While multifamily REITs have enjoyed strong fundamentals, returns from the sector continue to lag behind the broader REIT market. Industry analysts are attributing the sector’s performance to investors’ concerns with competition from the single-family home market and a muddled employment picture.
Multifamily REITs have posted total returns of 3.9 percent for the year as of April 22, trailing the average 2013 gains of 12.4 percent for all equity REITs, according to data from the FTSE NAREIT U.S. Real Estate Index. In comparison, the S&P 500 has posted returns of 10.2 percent for the same time period. In 2012 multifamily REIT returns were 6.9 percent, compared to 19.7 percent for all equity REITs.
“The markets have not been kind to multifamily REIT stockholders,” said Jim Stevens, analyst with research firm SNL Financial. Multifamily REITs’ lukewarm returns have come as projections for the growth in the sector’s funds from operations (FFO) have dropped.
Median FFO growth for 2012 in the multifamily sector was 16.5 percent, well above the 5.2 percent median FFO growth of the entire equity REIT sector, according to SNL data. However, that is expected to slow in 2013, with SNL projecting FFO growth for multifamily REITs of 7.5 percent, below the mark of 9 percent projected in the broader REIT market.
“FFO growth projections and the current NAV discount for the sector suggest momentum is slowing down,” Stevens said. The multifamily sector ended March trading at a 9.2 percent discount to NAV. That was higher than the median for all equity REITs of 6.7 percent.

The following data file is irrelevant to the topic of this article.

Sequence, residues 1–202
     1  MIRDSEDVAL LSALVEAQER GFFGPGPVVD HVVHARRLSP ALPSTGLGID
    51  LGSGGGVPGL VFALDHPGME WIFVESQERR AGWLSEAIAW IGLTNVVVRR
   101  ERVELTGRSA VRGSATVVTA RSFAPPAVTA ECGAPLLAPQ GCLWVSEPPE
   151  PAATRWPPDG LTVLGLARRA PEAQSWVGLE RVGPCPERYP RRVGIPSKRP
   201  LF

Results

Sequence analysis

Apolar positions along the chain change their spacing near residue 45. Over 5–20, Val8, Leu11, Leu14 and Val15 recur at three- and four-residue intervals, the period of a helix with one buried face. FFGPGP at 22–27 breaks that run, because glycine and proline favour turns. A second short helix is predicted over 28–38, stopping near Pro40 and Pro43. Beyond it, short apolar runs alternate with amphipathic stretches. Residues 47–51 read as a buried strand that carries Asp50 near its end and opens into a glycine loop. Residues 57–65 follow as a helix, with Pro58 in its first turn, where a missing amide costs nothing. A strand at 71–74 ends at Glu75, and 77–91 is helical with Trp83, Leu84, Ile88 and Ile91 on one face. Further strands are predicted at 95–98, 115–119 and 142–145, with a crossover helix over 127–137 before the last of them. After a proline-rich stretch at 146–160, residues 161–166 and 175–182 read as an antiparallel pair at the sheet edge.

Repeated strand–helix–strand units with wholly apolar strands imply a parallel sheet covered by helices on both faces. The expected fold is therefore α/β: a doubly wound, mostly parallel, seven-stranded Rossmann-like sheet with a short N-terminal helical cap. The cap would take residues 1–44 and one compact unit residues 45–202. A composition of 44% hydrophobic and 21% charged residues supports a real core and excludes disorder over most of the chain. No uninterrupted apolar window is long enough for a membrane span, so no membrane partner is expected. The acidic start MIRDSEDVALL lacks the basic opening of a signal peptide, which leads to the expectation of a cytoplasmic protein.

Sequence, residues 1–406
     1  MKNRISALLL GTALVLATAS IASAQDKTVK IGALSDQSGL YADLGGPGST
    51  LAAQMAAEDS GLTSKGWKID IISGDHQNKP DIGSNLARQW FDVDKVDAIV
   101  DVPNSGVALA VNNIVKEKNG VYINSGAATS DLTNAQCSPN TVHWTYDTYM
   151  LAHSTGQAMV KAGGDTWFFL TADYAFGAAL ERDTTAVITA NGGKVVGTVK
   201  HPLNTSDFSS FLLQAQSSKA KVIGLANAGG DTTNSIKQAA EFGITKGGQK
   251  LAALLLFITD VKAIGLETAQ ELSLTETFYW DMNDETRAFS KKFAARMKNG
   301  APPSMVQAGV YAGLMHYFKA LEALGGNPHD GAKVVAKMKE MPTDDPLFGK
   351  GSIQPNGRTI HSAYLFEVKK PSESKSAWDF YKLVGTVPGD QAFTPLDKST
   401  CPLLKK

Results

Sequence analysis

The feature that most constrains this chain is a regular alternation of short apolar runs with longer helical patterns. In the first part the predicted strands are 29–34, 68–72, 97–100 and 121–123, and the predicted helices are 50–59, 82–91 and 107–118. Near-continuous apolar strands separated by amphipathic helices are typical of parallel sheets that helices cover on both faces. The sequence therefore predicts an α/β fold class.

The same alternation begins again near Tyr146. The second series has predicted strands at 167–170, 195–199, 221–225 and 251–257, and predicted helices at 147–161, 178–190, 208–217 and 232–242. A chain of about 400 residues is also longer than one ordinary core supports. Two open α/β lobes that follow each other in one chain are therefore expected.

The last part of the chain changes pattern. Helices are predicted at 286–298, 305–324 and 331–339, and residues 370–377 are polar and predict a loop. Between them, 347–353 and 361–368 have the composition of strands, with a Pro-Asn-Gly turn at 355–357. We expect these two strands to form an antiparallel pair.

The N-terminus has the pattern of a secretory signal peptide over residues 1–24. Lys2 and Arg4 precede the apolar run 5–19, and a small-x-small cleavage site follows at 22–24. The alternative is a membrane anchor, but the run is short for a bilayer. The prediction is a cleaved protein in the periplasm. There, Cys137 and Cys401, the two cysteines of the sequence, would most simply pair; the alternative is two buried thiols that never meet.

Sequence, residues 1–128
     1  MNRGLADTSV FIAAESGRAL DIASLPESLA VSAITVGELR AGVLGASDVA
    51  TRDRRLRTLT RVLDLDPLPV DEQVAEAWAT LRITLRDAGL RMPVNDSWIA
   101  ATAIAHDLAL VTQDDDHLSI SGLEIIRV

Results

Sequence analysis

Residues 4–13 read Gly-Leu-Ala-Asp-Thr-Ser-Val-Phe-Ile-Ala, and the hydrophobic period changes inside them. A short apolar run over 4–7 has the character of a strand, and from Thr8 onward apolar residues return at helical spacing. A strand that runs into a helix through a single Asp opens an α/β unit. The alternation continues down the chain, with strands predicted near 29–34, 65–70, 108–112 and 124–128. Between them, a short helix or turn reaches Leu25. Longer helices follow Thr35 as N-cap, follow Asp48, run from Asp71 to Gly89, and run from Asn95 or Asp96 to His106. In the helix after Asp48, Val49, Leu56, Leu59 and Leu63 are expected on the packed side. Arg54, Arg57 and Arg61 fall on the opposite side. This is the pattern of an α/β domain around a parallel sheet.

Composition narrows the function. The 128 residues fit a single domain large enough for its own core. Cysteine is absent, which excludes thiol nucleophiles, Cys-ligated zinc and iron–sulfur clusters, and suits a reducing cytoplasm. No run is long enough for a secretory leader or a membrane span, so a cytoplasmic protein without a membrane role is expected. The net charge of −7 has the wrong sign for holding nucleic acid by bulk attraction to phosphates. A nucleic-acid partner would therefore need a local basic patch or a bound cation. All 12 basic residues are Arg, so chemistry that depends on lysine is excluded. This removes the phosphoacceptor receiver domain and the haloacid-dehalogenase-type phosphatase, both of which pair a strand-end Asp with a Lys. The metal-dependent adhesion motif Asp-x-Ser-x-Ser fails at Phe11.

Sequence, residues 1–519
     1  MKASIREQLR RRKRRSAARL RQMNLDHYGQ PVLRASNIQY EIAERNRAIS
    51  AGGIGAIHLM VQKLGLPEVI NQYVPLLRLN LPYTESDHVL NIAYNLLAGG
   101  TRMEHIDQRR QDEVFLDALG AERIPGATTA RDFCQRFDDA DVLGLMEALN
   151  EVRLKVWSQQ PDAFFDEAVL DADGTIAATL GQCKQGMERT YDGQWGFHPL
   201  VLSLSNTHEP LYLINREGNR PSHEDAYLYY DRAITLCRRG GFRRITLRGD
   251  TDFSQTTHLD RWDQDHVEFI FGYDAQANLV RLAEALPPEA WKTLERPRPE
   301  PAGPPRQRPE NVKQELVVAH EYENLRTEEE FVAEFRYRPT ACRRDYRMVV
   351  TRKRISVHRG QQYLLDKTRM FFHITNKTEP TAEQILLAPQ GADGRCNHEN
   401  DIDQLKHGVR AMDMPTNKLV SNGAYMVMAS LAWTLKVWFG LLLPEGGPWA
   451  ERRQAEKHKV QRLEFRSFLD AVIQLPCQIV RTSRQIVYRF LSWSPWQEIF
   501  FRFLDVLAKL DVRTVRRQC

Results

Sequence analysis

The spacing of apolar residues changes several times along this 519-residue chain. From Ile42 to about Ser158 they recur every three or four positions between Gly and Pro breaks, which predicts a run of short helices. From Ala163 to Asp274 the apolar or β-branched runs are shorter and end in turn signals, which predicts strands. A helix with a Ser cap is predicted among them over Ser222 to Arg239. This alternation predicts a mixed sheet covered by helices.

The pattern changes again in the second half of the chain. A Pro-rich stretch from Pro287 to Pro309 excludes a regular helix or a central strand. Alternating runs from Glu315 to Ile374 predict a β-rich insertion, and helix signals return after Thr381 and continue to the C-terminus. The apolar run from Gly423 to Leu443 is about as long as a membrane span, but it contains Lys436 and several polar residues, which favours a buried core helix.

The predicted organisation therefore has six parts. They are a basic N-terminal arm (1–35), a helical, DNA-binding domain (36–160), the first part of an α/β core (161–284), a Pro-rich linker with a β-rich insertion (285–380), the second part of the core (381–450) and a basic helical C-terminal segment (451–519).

Additionally, Stevens said that if the unemployment rate maintains the slow improvement seen in the last year, demand for multifamily space is likely to decrease. Unemployment dropped from 8.2 percent in March 2012 to 7.6 percent in March 2013, according to data from the Bureau of Labor Statistics.
Housing Market Effects
Calvin Schnure, NAREIT’s vice president of research and industry information, speculated that many investors expect rent growth in the multifamily sector to decelerate as the single-family housing market rebounds. Single-family housing starts are projected to rise from 535,300 a year ago to 700,000 this year and reach 1 million by 2015, according to an April report from the Urban Land Institute.
Yet, Stevens noted that the evidence that single-family homeownership and multifamily rental markets cannibalize revenue from one another isn’t definitive.
“There are historical examples of the two industries growing in harmony, as well as examples of them moving inversely,” he said.
Another important variable affecting the multifamily sector is the number of new apartment units being made available. Luis Mejia, CoStar’s director of multifamily research, said “the wild card in the equation” is a possible overbuilding of multifamily units, “especially if the combination of relatively easy financing and developers’ optimism, which is always there, continues to persist too long.”
CoStar is projecting that 140,000 new apartment units will be delivered in 2013, with more that 400,000 to come in the next three years. Mejia said some markets that recovered early in the real estate cycle, such as Dallas, Washington, Denver and Seattle, may see higher vacancy rates in 2013 as they become saturated with new units.
Given the significant increase in deliveries of multifamily buildings scheduled for 2013, if demand growth diminishes, Stevens said “the unit owners could find themselves in trouble.”